That manifest file is translated by the application framework in Ostro OS into a systemd service file (/run/systemd/system/app-$ID.service). The long-term goal is to limit where applications can install files and rely exclusively on the application manifest file.

The generated systemd service file contains settings that are used to isolate the application from other applications. In a system that runs with only basic Unix DAC, every application is run as a different user and the user can belong to different Unix groups. These groups specify the access the application will have to different system resources. As applications run as different Unix users, ptrace-based attacks are prevented.

For more information about the application framework and the manifest content, see Ostro™ Application Framework.

Since applications are run with different user accounts but MAC is optional, applications can arrange to share data between themselves in some cases when they are running outside of containers, inside the same container, or when the containers do not isolate IPC or network namespaces. The applications can, for instance, use abstract Unix domain sockets, loopback network interface, or System V message queues for connecting to each other. Note that this behavior is not as such encouraged or documented by the Ostro OS – it’s just not explicitly disallowed. If the system integrator wants to prevent this behavior, using MAC or containers for application isolation is recommended.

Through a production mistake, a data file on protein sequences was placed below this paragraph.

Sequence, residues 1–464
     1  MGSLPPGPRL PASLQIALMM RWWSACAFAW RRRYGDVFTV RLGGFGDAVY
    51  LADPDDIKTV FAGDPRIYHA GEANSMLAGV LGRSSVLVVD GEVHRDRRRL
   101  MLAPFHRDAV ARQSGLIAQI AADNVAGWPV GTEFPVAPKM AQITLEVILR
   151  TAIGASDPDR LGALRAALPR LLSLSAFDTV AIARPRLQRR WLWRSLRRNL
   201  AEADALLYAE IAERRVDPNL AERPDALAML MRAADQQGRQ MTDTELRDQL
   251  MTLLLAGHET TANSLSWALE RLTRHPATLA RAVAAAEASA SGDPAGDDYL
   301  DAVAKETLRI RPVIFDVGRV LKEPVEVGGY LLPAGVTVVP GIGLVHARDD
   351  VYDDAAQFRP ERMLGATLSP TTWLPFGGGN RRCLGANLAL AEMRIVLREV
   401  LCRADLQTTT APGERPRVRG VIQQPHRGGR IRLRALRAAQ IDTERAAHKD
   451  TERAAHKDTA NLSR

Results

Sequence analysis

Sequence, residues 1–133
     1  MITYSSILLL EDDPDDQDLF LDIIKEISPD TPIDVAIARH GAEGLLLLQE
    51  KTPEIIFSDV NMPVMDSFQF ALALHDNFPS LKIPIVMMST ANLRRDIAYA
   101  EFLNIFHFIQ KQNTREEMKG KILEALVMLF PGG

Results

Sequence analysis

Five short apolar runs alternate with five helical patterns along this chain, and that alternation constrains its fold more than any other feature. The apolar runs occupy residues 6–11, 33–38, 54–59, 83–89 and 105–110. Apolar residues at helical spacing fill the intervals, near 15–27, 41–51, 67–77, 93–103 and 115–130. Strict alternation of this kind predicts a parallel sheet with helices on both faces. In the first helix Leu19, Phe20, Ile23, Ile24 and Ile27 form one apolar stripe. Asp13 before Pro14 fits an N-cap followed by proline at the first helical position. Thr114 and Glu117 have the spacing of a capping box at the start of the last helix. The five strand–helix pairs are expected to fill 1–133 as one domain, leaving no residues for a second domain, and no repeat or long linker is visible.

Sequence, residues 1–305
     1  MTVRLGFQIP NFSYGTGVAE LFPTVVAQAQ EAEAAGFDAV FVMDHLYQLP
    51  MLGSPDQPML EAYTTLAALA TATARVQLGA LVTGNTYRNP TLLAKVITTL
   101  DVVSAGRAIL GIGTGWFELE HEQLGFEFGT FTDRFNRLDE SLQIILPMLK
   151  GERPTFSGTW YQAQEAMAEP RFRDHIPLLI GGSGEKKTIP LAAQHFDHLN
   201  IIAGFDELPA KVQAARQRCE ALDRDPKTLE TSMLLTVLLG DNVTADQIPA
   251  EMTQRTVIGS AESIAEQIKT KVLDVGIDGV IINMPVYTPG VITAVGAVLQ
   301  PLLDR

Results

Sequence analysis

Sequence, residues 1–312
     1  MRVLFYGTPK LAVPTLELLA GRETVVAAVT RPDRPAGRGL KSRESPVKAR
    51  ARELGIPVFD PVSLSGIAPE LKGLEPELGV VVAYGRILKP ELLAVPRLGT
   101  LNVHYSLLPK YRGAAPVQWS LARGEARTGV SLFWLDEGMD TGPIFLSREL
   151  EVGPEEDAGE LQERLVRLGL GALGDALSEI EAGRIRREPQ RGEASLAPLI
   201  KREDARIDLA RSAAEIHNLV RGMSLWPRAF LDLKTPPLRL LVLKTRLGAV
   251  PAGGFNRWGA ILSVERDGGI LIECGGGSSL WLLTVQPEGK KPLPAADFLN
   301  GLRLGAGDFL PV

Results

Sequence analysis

Applications provide the main interface to a device and thus have higher exposure to attacks than the OS itself. It is recommended that application providers perform strong application validation and run applications with minimal privileges and strong separation from the OS and other applications. Guidelines for that will be published later.

System Updates🔗

Ostro OS binaries are delivered as bundles, as in the Clear Linux OS. Bundles are a bit like traditional packages, but can overlap with other bundles and come with less metadata. Instead of thousands of packages, the entire distro consists of a few bundles (less than 10). There is a core bundle with all the essential files required to boot the system. Optional bundles contain individual runtimes and applications that were built together with the OS.

Installing bundles must not change files contained in other bundles, i.e., if a file is contained in more than one bundle, it must have exactly the same content and attributes in all those bundles. So conceptually, one can imagine the bundle creation as installing all components of the OS in an image, configuring the image and then splitting up the installed files and their attributes as found in that image (for example, the signed security.ima xattr) into different bundles according to some policy (core OS bundle, application bundles where each bundle contains the application and all non-core files it depends on).